Differentially expressed proteins in medaka after exposure to K. mikimotoi
The ultimate step of a 2-DE analysis is to identify separated protein spots by using MS. Therefore, it is necessary to verify the success of this crucial step for any extraction method before applications . Peptide mass fingerprinting (PMF) is a common approach for protein identification in MALDI-TOF MS. Protein was digested into peptides using trypsin, after which each peptide mass was generated to form a “fingerprint” by MALDI-TOF-MS. The PMF spectrum was then be searched against the peptide mass fingerprint database [67, 68]. In this study, we conducted preliminary experiments using 2-DE to analyse the medaka after exposure to Karenia mikimotoi cells. K. mikimotoi is a well-known species of fish-killing microalgae. Blooms dominated by this species are often associated with massive fish and shellfish kills around the world. However, the fish killing mechanism of this species is still remains unclear. Unveiling the molecular responses of medaka upon exposure to K. mikimotoi would provide important insights and ultimately aid in understanding the possible molecular mechanisms of algal ichthyotoxicity in fish. From the preliminary toxicity tests, we found that the mortality of marine medaka upon exposure to K. mikimotoi cells was 100% within 60 min. The response was acute and the shortest fish-killing time was around 25 min. Symptoms such as loss of balance and gasping for air were observed in the medaka after 10 min of exposure. No mortality and symptoms were observed in the control group throughout the exposure experiments. Certain critical parameters including temperature, pH, dissolved oxygen (DO), salinity and concentration of ammonia were constantly monitored and maintained at an acceptable level throughout the exposure period. Proteins were extracted from the pooled samples of treated and non-treated medaka collected at 20 mins after the exposure to the algal cells using Trizol method with a commercial clean-up kit and separated by 2-DE. The gel images of the treatment group were compared to that of the control group and differentially expressed proteins were identified. Twenty resolved protein spots that exhibited significant differences (with at least 2-fold change) were picked from the 2-DE profiles and subjected to MS analysis (Fig. 5). Nineteen out of twenty protein spots were shown to be down-regulated in response to K. mikimotoi exposure and all of them were successfully identified from the Swiss Prot protein sequence database of medaka. The information about the identified proteins were summarized in Table 4.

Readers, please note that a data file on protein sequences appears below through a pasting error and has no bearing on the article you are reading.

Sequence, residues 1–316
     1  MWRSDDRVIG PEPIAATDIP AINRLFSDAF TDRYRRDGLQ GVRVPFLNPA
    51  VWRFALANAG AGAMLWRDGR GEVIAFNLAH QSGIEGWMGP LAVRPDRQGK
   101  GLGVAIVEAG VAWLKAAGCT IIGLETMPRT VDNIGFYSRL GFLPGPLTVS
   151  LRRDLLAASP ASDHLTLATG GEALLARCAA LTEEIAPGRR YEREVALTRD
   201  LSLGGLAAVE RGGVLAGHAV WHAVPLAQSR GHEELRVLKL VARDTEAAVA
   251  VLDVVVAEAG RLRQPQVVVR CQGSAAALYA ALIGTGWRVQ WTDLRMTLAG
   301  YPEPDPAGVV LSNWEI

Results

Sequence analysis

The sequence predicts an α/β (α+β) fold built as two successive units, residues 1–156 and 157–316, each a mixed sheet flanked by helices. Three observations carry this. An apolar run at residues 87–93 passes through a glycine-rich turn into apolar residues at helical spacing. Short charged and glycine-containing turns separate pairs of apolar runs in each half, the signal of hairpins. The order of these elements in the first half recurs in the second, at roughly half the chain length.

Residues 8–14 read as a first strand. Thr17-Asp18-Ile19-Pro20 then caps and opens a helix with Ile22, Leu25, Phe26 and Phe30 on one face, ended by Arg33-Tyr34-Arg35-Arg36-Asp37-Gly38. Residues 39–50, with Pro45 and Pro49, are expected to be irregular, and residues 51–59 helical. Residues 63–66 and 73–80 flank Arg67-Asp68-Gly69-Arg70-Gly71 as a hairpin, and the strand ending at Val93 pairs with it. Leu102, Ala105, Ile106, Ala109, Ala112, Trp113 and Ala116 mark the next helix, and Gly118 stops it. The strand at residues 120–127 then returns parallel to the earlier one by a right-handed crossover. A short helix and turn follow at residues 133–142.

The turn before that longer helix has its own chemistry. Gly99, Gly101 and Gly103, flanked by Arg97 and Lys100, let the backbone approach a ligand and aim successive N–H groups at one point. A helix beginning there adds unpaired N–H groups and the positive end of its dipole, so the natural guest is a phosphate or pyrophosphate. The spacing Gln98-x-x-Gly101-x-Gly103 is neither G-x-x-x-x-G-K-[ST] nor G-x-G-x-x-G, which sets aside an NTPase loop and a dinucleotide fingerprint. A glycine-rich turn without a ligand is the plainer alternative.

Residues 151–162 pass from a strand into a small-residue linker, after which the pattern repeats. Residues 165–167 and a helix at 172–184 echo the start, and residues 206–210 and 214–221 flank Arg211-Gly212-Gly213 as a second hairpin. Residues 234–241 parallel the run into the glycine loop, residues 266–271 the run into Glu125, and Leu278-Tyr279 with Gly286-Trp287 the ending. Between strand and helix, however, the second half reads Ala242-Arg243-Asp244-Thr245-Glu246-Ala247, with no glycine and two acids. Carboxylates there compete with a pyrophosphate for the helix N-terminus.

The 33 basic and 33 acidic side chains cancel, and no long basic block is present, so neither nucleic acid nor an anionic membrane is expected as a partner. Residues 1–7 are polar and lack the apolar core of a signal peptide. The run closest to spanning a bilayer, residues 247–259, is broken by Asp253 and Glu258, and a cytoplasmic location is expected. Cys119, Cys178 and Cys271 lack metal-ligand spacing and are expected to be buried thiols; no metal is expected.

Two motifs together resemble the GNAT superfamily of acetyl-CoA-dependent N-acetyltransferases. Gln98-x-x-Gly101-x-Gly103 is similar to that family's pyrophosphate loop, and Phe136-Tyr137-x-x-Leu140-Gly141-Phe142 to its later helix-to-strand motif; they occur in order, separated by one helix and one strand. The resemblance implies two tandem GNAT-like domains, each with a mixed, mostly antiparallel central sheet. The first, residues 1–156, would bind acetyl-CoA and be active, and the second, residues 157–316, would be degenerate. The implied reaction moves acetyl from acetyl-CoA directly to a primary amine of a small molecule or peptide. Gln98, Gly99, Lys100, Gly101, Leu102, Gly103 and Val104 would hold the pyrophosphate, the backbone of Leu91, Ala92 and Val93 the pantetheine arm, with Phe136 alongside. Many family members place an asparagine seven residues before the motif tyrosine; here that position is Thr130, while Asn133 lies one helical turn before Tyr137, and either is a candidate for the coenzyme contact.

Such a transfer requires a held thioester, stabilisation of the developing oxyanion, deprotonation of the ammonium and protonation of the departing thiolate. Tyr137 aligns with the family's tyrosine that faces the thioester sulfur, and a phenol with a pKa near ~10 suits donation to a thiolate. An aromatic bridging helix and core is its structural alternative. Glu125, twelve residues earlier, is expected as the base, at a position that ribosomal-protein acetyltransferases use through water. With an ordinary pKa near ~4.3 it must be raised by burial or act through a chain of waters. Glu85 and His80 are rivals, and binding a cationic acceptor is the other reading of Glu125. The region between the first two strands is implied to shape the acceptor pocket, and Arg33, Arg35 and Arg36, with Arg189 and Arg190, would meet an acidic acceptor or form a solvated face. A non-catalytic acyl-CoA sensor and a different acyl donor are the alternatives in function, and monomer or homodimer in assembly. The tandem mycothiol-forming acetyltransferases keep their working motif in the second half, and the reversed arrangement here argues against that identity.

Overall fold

Among the identified protein spots, myosin light chain (spot 1) and keratin (spot 7) are closely linked to the oxidative stress response of medaka, which reflected the toxic symptoms developed during ichthyotoxicity tests [59, 69]. For example, metabolic response might reflect agonal respiration. Muscle response includes loss of balance and body twitching (spasms). Oxidative stress is usually related to an imbalance between the generation and elimination of reactive oxygen species (ROS) [59, 69, 70]. 14–3-3 protein (spot 2) was suggested to play critical roles in cell cycle control through binding with signaling molecules . Muscle actin OlMA1 (spots 3–6) is a skeletal muscle actin expressed in somatic and head muscles and was found to be related to ATP binding . Apolipoprotein A-I (spots 8–9) plays important roles in lipid transportation and metabolism and is the key protein component in high-density lipoprotein in plasma . Beta-enolase (spots 11–13), also named enolase 3, is an abundant protein in striated muscle tissue commonly known as a heat-labile allergen in fish [73, 74]. Creatine kinase (spots 14–17) and triosephosphate isomerase (spot 20) were closely linked to metabolic response of medaka [59, 69]. Spots 10, 18 and 19 were identified as beta-crystallin proteins, which are transparent and found in eye lens . These results support the feasibility and applicability of protein identification and comparative proteomic studies using Trizol method with a commercial clean-up kit.